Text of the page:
Since the beginning of time, every business has faced one major challenge: providing value. The difference between boundless riches and just scraping by depends on how well you execute this. That’s why we begin every e-commerce venture by asking ourselves, “What is my value proposition?”
According to Peep Laja, CEO of marketing training business CXL, your value proposition is “a promise of value to be delivered.” “It’s the main reason a potential customer should buy from you.”
“Unlimited movies, TV series, and more” is a near-perfect value proposition, as shown at the top of the Netflix homepage. You may watch it from anywhere. You can cancel at any moment.”
When someone visits your website or gets stuck in an elevator with you, a value proposition plainly states:
- What method will you use to tackle their problem?
- What concrete advantages (not features) people can look forward to.
- What sets you apart from the rest of the options available.
- It’s also written in a style that your pre-internet grandmother could comprehend; it’s the polar opposite of corporate jargon.
“Jump right in!” says the headline. On Meetup, there are so many things to do.”
“Join a group to meet new people, make friends, find support, establish a company, and pursue your passions.”
Every day, thousands of activities take place both online and in-person!”
“Make new friends; explore the outdoors; connect over technology,” according to a few bullet points that lead to other pages.
The value proposition is more than a slogan; it’s the compass that guides your entire company. If you don’t get this right as I did with my online men’s store, your clients will be uninterested in what you have to offer, and you’ll be forced to return to your old cubicle job.
Step 2: Pick a product or service to sell.
We’ve got a typical chicken-and-egg situation here: You can’t sell a thing if it doesn’t have any worth.
You can’t have a value proposition without a product, and you can’t have a product without a value proposition. These first two processes happen at the same time, as you may have anticipated. But where do you start when deciding what to sell?
The technical approach vs. following your passion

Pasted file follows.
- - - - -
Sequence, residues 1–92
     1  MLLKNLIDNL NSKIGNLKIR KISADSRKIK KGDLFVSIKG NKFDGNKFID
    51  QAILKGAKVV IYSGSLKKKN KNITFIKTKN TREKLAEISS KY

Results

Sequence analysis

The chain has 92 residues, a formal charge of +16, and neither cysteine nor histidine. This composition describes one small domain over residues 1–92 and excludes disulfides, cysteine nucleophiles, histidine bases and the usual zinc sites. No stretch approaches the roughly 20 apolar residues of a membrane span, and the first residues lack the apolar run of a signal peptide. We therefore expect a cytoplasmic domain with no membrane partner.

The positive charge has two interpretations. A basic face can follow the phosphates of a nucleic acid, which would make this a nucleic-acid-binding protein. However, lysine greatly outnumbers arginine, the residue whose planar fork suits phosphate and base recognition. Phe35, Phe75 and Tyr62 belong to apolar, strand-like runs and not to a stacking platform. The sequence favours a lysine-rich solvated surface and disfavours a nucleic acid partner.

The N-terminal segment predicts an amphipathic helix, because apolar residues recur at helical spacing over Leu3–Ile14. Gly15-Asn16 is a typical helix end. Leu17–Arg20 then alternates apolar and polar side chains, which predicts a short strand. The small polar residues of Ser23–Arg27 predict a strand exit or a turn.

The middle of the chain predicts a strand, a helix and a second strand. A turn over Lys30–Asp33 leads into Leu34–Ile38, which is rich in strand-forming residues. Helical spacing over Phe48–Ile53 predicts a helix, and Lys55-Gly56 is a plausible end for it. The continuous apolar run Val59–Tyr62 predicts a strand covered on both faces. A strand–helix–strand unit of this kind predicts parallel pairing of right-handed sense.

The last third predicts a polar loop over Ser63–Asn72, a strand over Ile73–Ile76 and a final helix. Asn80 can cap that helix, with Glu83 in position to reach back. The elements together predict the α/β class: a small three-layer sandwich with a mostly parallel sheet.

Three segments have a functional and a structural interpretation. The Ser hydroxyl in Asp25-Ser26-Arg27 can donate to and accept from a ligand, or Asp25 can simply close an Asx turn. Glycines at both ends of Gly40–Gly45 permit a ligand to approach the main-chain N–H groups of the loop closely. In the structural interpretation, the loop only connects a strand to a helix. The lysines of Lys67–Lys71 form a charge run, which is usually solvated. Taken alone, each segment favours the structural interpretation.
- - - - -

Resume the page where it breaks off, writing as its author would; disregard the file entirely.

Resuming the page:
Perhaps you’re working on a company idea that won’t go away, or you have a passion that’s bordering on obsession. Perhaps, like CEO Jamie Kern Lima, you had a skin issue and realized the need for a new sort of makeup.
Maybe you’re a diehard gamer who, like the guys at Humble Bundle, found a method to sell digital material while also supporting charity. Or maybe you’re a sucker for high-end footwear like Flight Club.
Following your passion will offer you an advantage over those who are trying to get rich quickly:
you’ll have the energy to get you through the inevitable setbacks.
The technological approach, on the other hand, has a lot to recommend it. Do you have a love for something you could develop into a company concept but aren’t sure what it is? It’s no problem.
People with the left brain can tackle the topic of “what to sell” in the same way they would solve a problem. Begin by asking:
What are some of the goods that I own and adore?
With a notepad in hand, walk about your house and make a list of your prized possessions. Then ask yourself, “What’s the common thread here?” and “How can I provide equal value?”
What about my own products irritates me?
Some businesses have built empires by scouring Amazon for 3-star reviews and developing improved versions of those products. If you can alleviate a customer’s pain point, they will gladly pay you.
What are some of my personal assets? Consider offering your marketing consultancy services if you have 20 years of experience. Do you know everything there is to know about the internet of things? Perhaps you should sell smart home technology packages in a variety of price ranges?
What are some of the other people’s obsessions? You almost certainly know someone who has an odd obsession with Yeti clothing, board games, CrossFit, wine, shoes, or whatever. People are willing to pay a higher price to have their obsessions supported.